If you do not have to spend time curating and managing a database, you can save costs and get your product to market much quicker.  You can use the content in the database and put your content on top of it, and will not need to figure out the structure of the database, etc.   There is a rapid growth of linked data in several sectors, but that growth presents new problems, such as finding good quality data sources, reliance on the infrastructure, integration into existing systems, and creating revenue from shared data.

Kasabi is making it easy to publish data to extend its reach, while building revenue streams around the data being shared.  It is a data marketplace that is trying to help solve the discovery problem by finding and discovering datasets.  Kasabi offers a standard API for consistent access to all datasets.  Every dataset in Kasabi has 5 APIs associated with it, so there is no need to create one for a new dataset.

Kasabi provides instant access to datasets by allowing click-through licensing.  It is a complete data publishing solution that provides an immediate storefront and platform to host the data.  You can very quickly build a dataset about whatever you are interested in.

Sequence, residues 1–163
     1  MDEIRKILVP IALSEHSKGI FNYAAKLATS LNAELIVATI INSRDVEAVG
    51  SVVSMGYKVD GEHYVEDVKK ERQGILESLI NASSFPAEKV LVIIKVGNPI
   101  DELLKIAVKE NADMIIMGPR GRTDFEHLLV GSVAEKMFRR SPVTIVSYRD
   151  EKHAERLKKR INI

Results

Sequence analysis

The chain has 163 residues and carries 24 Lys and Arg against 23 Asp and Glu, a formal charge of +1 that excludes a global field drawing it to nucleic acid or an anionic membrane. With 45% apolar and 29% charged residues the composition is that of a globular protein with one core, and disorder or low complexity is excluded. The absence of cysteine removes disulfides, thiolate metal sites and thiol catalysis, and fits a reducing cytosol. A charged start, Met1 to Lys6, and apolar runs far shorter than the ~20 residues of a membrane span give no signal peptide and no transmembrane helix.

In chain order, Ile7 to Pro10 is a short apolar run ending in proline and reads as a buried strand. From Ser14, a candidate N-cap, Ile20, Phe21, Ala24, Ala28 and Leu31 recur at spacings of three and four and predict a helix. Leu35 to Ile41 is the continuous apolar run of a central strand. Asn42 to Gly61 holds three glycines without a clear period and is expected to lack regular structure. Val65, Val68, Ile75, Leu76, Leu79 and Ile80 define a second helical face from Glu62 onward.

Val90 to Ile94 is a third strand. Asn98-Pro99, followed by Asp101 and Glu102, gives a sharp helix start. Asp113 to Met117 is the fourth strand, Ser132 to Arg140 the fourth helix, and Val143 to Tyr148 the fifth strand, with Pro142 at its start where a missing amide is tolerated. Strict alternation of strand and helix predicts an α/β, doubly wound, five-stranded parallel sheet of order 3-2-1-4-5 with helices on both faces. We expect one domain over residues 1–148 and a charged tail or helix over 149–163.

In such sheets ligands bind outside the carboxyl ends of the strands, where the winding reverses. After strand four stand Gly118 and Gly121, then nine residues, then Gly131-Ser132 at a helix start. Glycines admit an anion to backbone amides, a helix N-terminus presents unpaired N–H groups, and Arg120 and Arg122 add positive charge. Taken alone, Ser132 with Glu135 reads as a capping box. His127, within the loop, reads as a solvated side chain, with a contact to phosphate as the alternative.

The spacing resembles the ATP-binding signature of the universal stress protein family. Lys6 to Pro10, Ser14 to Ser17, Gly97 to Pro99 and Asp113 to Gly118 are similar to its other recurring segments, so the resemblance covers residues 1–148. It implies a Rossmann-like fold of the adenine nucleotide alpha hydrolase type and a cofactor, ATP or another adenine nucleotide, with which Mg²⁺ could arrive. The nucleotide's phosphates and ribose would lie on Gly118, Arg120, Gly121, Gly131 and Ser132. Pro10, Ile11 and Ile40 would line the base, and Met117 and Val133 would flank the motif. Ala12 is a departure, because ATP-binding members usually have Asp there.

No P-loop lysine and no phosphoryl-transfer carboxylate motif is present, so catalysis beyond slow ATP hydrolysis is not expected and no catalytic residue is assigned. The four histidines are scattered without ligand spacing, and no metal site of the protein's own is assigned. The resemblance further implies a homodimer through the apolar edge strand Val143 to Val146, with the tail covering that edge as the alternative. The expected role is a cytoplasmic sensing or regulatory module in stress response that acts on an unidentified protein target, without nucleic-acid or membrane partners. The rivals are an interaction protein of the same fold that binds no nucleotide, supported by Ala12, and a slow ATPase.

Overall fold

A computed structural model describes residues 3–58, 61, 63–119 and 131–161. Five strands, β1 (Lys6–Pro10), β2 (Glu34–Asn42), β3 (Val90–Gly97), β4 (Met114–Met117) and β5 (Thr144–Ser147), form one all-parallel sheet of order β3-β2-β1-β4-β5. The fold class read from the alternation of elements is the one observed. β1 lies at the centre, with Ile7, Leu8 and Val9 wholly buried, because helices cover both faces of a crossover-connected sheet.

Today, Kasabi is in beta, everything is free, and content producers and developers are encouraged to conduct trials of the system.  At present, there are no plans to charge for hosting.  Public domain data can be added to the system and hosted at no charge, and people can use it free.  Producers of commercial data will be charged for high volume usage of the APIs, and they will share revenues.  Developers will pay for the services they are getting for use of your data, so Kasabi is a low cost model for publishers.  Click below to view a short video demonstration.